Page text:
My name is Ed. When I first got sober, the manic-depressive disorder appeared even more pronounced than it had before. It was no longer hidden by alcohol and drugs. The stress of withdrawal in my early recovery triggered wild mood swings for me.
I was constantly on edge. No one told me I was bipolar in those first months of recovery. I went from mania (excited) to depressed, sometimes in a fast cycle. These mood swings were much more extreme than those of other people whom I had met in my 12-Step support groups.
During the first time I was under stress in recovery, my bipolar disorder became detectable to others. My 12-Step peers and my family thought I was high on drugs. I thought I was doing well, not knowing I was manic.
When mania peaks, the impulse to drink or use is almost overwhelming for me. When I relapsed in response to this upswing mood, I had reached such an advanced stage of addiction that I could no longer safely drink for even a day.
I consulted a psychiatrist who saw something else behind the alcoholism. He prescribed the medication that would bring down the tendency to “cycle up”.
Once I started taking medication for my bipolar disease, I became balanced; my mood swings were less severe. Medication management is critical for me, because any fluctuation of time or dosage can affect the purpose of the medication.
For over a year I was taking my medication faithfully and feeling balanced and “normal”. As with substance abuse, “stinking thinking” started to set in, for my mental illness. I believed that I was “well”, so I slowly stopped taking my meds.
In the early stages of mania, I began to feel “good”; this played into the idea that I didn’t need my meds. This stage is referred to as “hypomania”. It is euphoric, and afterwards, I slowly spiraled downward.
Suffering from the diseases of chemical dependency and bipolar has been stressful to me. In recovery I have to deal with many problems that arose from my dual disorder. Straightening out the chaos that was created during my addiction and from manic episodes proves to be a challenge.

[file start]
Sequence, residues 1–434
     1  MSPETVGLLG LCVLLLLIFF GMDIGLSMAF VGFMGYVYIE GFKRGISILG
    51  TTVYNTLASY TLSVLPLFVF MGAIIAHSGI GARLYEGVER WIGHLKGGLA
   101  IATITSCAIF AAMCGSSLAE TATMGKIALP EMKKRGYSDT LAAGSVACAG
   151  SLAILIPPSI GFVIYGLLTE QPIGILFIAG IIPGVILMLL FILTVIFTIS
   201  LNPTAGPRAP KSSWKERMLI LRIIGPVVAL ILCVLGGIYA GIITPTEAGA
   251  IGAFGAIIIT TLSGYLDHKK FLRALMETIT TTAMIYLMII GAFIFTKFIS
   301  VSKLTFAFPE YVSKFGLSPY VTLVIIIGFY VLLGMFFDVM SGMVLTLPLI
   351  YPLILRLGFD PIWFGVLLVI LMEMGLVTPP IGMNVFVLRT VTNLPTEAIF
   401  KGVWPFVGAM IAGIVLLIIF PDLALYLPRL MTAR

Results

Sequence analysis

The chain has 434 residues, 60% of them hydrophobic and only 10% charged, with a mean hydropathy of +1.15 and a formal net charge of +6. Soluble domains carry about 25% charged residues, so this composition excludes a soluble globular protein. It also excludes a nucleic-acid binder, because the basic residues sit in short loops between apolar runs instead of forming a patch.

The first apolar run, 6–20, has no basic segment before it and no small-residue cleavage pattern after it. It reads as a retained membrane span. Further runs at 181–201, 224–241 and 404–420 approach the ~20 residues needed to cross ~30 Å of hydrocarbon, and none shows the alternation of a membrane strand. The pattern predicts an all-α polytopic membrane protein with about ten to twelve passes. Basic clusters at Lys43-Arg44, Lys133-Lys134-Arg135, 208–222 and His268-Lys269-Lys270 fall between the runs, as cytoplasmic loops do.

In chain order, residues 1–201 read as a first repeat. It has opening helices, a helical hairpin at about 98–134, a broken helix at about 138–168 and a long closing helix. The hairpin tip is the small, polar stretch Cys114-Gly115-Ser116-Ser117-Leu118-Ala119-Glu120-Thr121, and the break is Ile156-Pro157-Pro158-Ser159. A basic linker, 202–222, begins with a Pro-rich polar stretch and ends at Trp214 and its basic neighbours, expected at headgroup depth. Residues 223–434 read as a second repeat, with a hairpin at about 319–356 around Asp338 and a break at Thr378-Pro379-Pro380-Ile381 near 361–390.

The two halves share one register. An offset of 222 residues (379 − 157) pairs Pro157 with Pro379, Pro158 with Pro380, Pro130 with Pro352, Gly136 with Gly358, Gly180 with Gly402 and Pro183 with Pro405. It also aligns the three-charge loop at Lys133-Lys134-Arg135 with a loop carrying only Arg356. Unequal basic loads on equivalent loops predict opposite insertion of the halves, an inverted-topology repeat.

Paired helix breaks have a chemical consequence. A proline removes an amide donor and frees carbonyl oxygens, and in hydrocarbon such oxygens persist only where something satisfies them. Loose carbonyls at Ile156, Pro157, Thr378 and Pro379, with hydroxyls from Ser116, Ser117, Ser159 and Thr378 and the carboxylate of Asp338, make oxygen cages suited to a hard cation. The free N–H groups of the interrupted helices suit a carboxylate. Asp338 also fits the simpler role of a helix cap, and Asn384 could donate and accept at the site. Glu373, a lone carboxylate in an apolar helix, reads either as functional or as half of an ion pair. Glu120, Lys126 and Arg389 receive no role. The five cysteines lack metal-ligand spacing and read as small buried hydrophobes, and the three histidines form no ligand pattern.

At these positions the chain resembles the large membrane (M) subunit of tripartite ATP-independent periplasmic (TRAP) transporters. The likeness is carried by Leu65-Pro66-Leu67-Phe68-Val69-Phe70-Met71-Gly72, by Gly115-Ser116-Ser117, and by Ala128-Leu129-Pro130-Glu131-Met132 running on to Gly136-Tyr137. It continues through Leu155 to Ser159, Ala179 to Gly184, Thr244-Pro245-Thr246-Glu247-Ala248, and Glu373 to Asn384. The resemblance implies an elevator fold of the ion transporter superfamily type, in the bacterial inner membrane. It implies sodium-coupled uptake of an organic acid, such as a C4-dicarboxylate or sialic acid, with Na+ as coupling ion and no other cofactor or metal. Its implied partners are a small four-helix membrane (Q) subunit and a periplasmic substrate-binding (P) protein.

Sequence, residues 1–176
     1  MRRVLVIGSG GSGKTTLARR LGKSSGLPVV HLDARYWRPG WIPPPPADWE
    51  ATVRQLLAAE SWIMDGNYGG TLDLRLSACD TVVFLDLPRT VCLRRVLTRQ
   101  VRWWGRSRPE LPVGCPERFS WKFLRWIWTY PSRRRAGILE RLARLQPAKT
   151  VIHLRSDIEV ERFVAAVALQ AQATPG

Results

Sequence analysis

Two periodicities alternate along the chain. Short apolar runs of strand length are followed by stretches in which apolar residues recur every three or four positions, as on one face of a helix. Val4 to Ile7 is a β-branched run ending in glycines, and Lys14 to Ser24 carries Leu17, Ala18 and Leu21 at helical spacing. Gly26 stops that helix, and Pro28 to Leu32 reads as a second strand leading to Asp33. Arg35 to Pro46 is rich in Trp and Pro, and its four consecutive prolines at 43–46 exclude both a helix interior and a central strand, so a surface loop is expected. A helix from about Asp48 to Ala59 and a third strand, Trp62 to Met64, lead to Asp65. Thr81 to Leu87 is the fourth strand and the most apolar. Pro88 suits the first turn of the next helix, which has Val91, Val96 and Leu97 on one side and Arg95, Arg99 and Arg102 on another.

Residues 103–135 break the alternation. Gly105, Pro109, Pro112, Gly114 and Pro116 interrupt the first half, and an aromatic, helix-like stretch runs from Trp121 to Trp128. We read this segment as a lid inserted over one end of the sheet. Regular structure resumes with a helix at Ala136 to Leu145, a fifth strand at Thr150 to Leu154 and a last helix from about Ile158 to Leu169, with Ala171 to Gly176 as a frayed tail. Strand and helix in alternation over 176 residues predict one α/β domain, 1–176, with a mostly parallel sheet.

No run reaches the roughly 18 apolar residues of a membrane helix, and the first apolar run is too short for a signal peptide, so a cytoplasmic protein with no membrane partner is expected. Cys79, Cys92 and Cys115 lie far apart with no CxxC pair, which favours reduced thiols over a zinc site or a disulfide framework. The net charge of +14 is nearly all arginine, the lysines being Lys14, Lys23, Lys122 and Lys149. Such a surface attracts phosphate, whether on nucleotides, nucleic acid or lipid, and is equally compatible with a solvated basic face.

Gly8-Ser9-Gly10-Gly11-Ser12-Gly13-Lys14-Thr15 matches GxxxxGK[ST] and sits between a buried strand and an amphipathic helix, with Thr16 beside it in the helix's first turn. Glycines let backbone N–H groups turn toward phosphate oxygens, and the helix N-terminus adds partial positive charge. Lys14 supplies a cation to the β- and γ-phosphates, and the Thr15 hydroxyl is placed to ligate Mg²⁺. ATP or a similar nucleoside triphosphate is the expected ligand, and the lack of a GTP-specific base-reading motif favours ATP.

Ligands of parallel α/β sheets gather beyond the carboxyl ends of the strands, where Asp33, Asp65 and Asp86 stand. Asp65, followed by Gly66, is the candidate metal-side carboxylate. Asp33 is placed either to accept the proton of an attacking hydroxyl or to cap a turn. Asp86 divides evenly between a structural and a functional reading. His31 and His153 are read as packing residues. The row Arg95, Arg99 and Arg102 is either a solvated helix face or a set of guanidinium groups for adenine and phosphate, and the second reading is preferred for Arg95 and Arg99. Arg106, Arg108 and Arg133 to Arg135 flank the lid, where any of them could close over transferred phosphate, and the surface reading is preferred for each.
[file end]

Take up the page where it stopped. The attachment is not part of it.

I had to work through a lot of anger, accepting the fact that I had not one, but two disorders, and that my bipolar disease was misdiagnosed earlier.
But recovery from both diseases is possible. When I understood for the first time that each disease needs to be paid attention to equally, but differently, I was now on a journey to recovery.
Recovery from chemical dependency requires that I accept my addiction and abstain from mood-altering chemicals. It involves attending 12-Step meetings, working with my sponsor, working the 12 Steps and improving my physical health.
Recovery from bipolar disorder also requires that I accept the disease. Attend dual disorder meetings; increase my activity when I’m depressed and decrease my activity when I’m manic, or slow down and think constructively.
I believe I’ve had bipolar all my life to some degree. I believe that as my addiction became worse and the addictive behavior I displayed created a lot of stress in my life, my full-blown bipolar disease was activated.
There is no quick fix for problems that my dual disorder creates. I must work hard to change. This includes how I deal with my thoughts; perception of those thoughts and my feelings. Most importantly, I must take my medication when I don’t want to. I must make it a habit. Currently, I have two years clean and sober, and am looking forward to many more sober years.
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